A family has paid tribute to a six-year-old girl who died on New Year's Day.
Leah Brockbank, from Heighington, battled cancer for almost three years.
But her parents say the "vivacious, loving, caring and sociable little girl" remained positive and happy despite her ordeal.
She even staged a miraculous recovery from a state where she was asleep for three months before the aggressive brain tumours returned.
Now her mum, Louise Wright, 39, is raising awareness about cancer in children.
She says her daughter's attitude is an inspiration to others and believes Leah's love of life pulled her through the most difficult times.
"She was a very determined and very independent girl," she said. "She wanted to stay here and tried so hard. She was extremely brave and was fighting right to the end – she didn't want to go anywhere."
Leah's roller coaster journey started when she was 3 and a brain scan revealed a 5cm tumour. She had been suffering from headaches, vomiting and had difficulty balancing.
Within two weeks an operation had removed the tumour and she was put through four cycles of chemotherapy, spending most of the next nine months in hospital.
Radiotherapy then followed before high-dose chemotherapy, which crippled her immune system and put her in isolation for two weeks.
Ms Wright, who moved into her mum's house after she sold her home and gave up her job, said: "The high-dose chemotherapy was the worst thing I have ever experienced.
"It ulcerated the inside of her body, from her mouth right the way through to her bottom.
"She had stomach lining coming out of her mouth. It was horrendous.
"We were told if she got an infection it could kill her, because a percentage of children die from the treatment.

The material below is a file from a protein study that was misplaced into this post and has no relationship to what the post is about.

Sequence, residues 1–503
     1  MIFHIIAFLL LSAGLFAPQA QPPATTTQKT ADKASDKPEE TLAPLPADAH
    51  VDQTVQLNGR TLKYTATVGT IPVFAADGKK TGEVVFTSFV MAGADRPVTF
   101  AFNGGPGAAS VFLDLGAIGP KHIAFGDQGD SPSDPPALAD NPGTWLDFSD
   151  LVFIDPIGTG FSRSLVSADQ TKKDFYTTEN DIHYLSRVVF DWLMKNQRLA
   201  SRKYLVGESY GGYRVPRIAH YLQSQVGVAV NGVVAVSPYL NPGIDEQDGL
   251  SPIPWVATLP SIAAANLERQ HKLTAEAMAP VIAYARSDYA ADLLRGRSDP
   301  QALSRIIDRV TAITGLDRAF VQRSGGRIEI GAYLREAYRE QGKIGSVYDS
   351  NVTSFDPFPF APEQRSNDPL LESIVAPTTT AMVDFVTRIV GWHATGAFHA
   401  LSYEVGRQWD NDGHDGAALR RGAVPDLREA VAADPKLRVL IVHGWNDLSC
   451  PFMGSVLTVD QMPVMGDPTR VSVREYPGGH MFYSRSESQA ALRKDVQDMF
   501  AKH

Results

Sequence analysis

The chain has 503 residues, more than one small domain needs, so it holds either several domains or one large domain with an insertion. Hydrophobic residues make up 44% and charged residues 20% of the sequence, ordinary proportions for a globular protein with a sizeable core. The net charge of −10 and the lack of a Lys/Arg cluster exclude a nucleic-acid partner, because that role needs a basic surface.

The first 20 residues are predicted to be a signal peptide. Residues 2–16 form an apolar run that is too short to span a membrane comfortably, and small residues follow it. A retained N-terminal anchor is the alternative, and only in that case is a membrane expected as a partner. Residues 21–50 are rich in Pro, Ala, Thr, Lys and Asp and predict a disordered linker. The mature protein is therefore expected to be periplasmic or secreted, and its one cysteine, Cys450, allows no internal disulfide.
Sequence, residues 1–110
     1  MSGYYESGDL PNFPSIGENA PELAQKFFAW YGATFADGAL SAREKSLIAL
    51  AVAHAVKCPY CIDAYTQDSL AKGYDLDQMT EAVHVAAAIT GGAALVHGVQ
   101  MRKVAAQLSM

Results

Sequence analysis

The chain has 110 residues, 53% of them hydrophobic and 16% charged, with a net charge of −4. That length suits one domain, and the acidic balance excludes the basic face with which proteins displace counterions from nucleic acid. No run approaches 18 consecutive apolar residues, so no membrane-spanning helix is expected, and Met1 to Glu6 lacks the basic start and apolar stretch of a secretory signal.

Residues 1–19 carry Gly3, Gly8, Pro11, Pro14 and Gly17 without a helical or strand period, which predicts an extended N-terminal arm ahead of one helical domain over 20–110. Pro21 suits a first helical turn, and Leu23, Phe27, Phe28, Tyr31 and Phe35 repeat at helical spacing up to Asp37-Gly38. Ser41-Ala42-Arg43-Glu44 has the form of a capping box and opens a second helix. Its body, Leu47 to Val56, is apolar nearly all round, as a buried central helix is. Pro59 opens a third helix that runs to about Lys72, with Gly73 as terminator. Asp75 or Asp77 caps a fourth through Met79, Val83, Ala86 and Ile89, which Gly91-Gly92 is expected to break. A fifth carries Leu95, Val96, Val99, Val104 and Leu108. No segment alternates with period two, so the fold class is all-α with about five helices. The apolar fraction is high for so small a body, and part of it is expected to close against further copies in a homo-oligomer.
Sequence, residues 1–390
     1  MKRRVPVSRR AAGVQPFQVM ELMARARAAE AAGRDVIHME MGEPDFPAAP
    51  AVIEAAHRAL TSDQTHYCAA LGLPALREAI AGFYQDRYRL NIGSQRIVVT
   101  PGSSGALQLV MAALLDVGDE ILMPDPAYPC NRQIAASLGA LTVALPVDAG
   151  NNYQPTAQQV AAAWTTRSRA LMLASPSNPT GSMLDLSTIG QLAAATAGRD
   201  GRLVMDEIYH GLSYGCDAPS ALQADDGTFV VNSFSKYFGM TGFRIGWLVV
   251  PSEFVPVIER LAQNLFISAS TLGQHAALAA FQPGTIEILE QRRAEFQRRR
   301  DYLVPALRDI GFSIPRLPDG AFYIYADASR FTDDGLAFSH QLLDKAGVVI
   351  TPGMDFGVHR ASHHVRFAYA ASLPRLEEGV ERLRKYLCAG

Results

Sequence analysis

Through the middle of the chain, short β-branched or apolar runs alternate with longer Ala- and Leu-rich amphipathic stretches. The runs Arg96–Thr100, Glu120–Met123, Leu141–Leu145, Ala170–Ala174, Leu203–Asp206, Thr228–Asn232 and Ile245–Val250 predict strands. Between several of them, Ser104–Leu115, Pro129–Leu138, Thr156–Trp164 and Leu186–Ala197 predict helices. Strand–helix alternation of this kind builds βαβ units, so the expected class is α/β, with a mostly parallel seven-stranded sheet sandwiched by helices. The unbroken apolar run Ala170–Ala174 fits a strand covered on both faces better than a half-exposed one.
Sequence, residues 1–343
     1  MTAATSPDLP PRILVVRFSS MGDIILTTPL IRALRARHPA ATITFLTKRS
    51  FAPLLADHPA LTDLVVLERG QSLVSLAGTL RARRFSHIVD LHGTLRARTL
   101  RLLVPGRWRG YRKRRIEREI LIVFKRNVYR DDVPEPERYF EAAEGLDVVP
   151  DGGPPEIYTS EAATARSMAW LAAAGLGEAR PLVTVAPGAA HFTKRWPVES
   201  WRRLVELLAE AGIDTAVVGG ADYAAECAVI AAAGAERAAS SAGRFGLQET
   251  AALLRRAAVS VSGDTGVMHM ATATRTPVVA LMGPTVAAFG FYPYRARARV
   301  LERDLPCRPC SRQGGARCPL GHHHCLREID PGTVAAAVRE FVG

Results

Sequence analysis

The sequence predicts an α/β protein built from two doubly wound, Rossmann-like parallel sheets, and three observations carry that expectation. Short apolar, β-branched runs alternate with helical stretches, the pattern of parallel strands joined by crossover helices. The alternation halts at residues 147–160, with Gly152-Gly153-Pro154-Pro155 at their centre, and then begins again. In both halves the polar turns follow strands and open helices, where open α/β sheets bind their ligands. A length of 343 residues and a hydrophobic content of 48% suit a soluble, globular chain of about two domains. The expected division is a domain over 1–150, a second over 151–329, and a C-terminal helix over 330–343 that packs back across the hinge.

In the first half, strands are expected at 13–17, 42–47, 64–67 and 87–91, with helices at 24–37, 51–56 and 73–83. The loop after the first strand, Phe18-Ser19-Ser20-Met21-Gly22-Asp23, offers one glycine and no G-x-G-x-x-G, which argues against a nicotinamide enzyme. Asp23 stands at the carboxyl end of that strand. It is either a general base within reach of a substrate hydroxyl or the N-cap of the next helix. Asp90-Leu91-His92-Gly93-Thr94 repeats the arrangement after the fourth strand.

"It was scary. I didn't want to leave her bedside."
Leah had anaplastic medulloblastoma – a highly aggressive form of cancer that affects 5 per cent of children with brain tumours. However, by autumn 2010 a scan showed the tumour had almost disappeared and Leah left hospital in September.
But worries resurfaced in November when she began struggling with balance again. A scan showed a tumour had grown back and spread to her spine, stopping her walking.
High-dose chemotherapy would have killed her, so she was taken into palliative care, receiving much lower doses.
By July 2011, Leah could not speak, but was still determined to continue at nursery. Then over the Christmas period she fell asleep and her family feared she would never recover.
Ms Wright said: "Suddenly one day at the end of March she woke up. I rushed to get her toys from Christmas because she had not had a chance to play with them.
"It was a miracle."
By April 2012 Leah's tumours had shrunk significantly and by August she was staying awake for longer periods.
Further life-threatening complications followed, but Leah's recovery continued and her speech began to return.
By September she was well enough to fulfil her dream and go to St Francis Community Special School in Lincoln for two days a week.
But then in November she was hit by a cold and a huge tumour was found completely covering the left ventricle of her brain.
Ms Wright said: "On Christmas Day she opened her presents and smiled. She was smiling right up until a week before she died.
"She was awake every day until Saturday 29. She went to sleep until the evening and then didn't wake up.
"She deteriorated significantly through New Year's Eve but fought through the night.
"Then the sun came up on New Year's Day and her heart finally stopped."
The mum is now raising money for the Children's Brain Tumour Research Centre in Nottingham. To make a donation, visit www.justgiving.com/leahbrockbank